Right about now, some of you may be rolling your eyes in disbelief. I do realize that earthing may seem like a rather “new agey” sort of practice. The use of a grounding bed or chair may, in fact, fall into this category. But, in my opinion, the idea of re-connecting with the ground isn’t so far fetched. Human beings haven’t been wearing tennis shoes and sleeping on NASA tested foam bedding for all that long a period of time. These inventions are certainly useful, but they’re far from natural. I’m not suggesting that we all ditch our clothes, mattresses and sneakers and reclaim a stone age way of living. But I think it’s important to remember that there may be some positive practices from our distant past that can be applied to the present. One example is walking barefoot when it’s practical and safe. Beyond any possible grounding effect, walking with bare feet can promote healthier feet and joints. (6,7,8)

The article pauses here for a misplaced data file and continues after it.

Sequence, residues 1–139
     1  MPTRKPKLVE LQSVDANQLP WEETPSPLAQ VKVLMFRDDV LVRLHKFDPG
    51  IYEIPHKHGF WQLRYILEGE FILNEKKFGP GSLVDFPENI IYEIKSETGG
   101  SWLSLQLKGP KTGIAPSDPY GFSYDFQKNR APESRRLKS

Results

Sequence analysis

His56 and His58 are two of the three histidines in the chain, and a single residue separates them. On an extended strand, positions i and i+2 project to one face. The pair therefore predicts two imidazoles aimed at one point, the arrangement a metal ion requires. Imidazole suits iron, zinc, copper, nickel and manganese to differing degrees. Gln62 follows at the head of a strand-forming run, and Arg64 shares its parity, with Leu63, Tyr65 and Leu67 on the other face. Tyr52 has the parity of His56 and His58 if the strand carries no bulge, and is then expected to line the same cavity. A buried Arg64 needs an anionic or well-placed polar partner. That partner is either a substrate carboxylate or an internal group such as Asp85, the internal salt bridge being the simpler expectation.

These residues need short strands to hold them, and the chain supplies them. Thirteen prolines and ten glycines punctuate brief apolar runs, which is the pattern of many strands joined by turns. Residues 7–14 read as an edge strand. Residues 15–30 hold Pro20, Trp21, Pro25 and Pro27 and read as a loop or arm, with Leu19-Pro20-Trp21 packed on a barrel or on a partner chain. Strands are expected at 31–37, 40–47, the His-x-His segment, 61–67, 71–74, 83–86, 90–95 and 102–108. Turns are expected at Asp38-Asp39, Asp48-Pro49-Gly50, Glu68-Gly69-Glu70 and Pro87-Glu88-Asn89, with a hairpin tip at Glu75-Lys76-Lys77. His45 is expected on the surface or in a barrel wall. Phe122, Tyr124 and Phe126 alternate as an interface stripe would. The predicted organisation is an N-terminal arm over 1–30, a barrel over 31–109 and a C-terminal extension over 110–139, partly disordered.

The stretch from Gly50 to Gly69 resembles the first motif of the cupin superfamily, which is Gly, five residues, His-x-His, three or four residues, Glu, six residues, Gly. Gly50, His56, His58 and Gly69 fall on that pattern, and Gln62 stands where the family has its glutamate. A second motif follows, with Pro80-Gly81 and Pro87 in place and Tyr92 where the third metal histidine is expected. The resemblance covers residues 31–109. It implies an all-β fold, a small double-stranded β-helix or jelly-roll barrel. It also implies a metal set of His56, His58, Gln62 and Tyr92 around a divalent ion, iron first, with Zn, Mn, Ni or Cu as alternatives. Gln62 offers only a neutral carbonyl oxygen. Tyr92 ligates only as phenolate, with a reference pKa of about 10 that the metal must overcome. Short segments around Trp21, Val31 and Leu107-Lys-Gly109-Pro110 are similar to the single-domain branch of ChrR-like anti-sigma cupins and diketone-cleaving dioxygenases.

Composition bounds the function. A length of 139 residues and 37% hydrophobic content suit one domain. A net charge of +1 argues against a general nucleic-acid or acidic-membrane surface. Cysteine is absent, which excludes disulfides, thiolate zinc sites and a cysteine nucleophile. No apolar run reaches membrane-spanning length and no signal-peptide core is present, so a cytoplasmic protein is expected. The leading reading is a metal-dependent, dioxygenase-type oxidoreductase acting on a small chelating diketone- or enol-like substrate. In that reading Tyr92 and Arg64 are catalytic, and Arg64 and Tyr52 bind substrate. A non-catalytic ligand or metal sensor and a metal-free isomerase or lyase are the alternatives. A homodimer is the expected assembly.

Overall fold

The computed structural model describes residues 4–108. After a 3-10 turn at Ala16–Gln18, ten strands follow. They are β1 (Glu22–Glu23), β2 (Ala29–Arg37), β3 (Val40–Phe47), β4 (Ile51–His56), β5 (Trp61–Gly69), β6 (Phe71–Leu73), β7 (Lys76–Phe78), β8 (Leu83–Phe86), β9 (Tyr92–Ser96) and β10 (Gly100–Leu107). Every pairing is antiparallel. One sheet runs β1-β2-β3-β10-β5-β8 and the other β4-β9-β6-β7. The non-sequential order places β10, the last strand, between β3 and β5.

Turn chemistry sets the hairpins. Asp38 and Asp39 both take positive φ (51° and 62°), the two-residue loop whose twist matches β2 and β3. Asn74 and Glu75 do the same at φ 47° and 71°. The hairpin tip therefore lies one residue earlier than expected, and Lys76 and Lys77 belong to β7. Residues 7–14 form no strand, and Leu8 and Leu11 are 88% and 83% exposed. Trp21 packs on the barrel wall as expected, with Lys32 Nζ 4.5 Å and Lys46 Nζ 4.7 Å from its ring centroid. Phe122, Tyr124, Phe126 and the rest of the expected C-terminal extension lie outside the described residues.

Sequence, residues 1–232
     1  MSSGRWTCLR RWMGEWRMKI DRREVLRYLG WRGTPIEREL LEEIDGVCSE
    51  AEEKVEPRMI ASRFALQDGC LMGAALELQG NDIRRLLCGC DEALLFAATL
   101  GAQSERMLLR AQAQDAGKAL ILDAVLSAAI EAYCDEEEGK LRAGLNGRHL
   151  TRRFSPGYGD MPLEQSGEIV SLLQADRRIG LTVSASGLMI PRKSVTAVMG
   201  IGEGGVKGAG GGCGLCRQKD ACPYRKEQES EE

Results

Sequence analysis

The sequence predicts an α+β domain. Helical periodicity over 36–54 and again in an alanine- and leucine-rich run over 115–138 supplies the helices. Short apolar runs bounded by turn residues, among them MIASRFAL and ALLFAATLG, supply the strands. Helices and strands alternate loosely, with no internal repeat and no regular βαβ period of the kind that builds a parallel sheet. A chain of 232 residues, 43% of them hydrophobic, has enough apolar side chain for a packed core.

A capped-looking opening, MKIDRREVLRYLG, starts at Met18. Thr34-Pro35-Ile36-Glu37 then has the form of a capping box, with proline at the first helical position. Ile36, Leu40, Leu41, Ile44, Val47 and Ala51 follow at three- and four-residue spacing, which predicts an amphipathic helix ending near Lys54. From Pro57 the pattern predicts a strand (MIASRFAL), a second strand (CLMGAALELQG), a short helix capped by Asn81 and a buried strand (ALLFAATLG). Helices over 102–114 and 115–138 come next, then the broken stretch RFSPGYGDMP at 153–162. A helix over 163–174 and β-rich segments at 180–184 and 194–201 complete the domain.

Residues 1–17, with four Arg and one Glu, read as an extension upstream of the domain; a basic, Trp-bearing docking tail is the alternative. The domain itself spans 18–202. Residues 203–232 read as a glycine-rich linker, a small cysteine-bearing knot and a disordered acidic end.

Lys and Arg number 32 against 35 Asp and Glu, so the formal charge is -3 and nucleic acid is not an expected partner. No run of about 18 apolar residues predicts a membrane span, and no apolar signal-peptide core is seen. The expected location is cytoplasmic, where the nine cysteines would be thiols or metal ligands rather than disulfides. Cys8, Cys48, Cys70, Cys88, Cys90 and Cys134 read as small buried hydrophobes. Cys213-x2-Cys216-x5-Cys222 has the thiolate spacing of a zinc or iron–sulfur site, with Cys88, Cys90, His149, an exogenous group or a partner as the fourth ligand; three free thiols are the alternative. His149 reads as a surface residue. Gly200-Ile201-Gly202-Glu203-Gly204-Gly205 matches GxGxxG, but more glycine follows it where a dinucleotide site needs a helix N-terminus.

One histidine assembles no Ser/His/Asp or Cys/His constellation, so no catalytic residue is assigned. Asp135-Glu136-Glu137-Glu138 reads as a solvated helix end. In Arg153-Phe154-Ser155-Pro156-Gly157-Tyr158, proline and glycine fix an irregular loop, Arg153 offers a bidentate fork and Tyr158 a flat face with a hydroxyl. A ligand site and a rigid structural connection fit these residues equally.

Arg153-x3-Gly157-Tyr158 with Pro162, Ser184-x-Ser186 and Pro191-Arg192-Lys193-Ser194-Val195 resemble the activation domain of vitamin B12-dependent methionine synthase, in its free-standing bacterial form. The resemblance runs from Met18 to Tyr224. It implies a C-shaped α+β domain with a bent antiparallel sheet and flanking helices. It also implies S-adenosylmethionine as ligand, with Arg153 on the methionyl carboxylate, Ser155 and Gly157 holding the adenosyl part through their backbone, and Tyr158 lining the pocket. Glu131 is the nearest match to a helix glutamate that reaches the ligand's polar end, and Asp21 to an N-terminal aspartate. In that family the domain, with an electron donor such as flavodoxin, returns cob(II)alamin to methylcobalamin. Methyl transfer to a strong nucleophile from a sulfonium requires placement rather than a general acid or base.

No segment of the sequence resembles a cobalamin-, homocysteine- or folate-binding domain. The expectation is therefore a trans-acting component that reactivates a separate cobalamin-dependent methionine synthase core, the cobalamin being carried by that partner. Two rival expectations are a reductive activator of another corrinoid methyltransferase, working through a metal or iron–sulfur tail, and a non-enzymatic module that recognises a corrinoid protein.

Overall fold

I’m going to adopt a “wait and see” attitude about grounding products. There’s a hint of promise there as indicated by the apparently real physiological changes brought about by said products. But that’s about all that can currently be said on their behalf. The many distributor and manufacturer claims far exceed what is verifiably documented in the scientific literature. For the time being, I would feel much more comfortable recommending spending more time in contact with the ground in a natural setting – lying down or walking barefoot in the park or at the beach, etc. If this topic interests you, consider trying it out for yourself. See how non-commercial grounding makes you feel. The worst case scenario is that you’ll probably expose yourself to more fresh air and sunshine. Fortunately, that’s not a side effect that warrants much concern.
Tags: Inflammation, Sleep, Stress
Posted in Alternative Therapies, Heart Health, Mental Health